The Law Institute of Victoria hosted an event “Intellectual Property – Merging IP law boundaries with virtual reality” on 28 May 2009. Speaker Karen Hallenstein, Supervising Counsel at Telstra, looked at brand issues arising from virtual worlds such as Second Life, Kaneva, Active Worlds, There, Lively and Habbo.
Advances in information technology and the internet enable us to distribute more information to more people in less time. This provides enormous commercial opportunities for businesses but at the same time, creates significant risk of intellectual property infringement.
Businesses use internet applications such as virtual worlds or computer based simulated environments to market or test their products, Twitter or Facebook to increase their market profile. Brand infringers may prevent brand owners from realising the full potential that the internet offers by diverting income generated from the use of the brand, passing off inferior quality products as the original product or blocking brand owners from using their brand by registering the brands as user id’s thus preventing the brand owner from registering their brand.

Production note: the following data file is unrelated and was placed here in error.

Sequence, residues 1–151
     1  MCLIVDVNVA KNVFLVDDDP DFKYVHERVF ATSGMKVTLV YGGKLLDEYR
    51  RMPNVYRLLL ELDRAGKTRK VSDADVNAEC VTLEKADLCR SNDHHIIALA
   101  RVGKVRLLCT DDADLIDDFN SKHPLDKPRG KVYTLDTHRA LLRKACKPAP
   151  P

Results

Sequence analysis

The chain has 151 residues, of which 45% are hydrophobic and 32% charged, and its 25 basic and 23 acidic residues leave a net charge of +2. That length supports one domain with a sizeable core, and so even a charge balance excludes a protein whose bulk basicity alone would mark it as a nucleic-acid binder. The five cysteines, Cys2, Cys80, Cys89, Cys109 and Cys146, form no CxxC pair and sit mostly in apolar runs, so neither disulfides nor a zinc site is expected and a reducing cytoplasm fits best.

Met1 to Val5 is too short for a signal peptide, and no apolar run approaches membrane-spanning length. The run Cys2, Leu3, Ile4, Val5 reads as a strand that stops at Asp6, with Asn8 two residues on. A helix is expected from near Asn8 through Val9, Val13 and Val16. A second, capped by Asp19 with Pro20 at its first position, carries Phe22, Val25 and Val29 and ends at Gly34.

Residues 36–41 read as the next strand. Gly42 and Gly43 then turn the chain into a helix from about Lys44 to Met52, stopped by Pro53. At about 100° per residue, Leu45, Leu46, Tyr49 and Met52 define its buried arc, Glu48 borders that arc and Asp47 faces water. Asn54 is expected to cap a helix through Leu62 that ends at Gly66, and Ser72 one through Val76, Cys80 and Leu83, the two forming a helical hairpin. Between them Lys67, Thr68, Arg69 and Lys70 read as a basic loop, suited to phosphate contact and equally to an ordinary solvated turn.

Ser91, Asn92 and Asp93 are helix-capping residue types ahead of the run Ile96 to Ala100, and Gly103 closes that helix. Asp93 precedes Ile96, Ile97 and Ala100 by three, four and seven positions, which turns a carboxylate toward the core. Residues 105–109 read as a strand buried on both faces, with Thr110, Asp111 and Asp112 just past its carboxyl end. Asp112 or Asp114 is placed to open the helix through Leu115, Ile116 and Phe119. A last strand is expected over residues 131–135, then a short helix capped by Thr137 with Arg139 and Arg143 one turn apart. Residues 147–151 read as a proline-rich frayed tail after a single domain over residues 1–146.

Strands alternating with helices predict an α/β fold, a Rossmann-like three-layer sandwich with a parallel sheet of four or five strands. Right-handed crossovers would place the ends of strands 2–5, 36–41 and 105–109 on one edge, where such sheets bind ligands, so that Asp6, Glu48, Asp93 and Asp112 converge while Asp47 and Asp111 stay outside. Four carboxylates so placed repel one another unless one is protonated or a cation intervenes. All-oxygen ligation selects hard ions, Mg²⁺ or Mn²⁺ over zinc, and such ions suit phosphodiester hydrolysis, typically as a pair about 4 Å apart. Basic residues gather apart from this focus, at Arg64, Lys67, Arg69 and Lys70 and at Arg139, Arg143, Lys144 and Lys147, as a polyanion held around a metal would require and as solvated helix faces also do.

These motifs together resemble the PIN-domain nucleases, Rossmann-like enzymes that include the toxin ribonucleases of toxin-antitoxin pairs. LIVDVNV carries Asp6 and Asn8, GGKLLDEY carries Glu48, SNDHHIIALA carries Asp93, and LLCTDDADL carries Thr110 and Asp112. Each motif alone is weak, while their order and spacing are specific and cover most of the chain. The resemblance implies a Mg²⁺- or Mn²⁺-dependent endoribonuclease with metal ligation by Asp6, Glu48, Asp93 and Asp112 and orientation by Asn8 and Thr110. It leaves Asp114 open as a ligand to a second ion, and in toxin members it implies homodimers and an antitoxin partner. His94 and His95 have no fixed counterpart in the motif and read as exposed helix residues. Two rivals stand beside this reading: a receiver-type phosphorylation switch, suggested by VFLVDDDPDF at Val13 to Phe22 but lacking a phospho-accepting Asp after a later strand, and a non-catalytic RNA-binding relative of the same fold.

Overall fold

The options available to the trademark owner are: contact the network/internet provider to seek removal of the infringing account; institute legal proceedings; offer to purchase the registered domain name/user id; or depending on the jurisdiction, report the infringement to a regulating authority. The time and cost consequences to the brand owner may be significant.
Brand infringement impacts not only the trademark owner, but it also impacts the buyer/user who may believe that they are transacting with or buying the genuine product and the internet service provider who seeks to attract users by ensuring that the transactions are safe and regulated.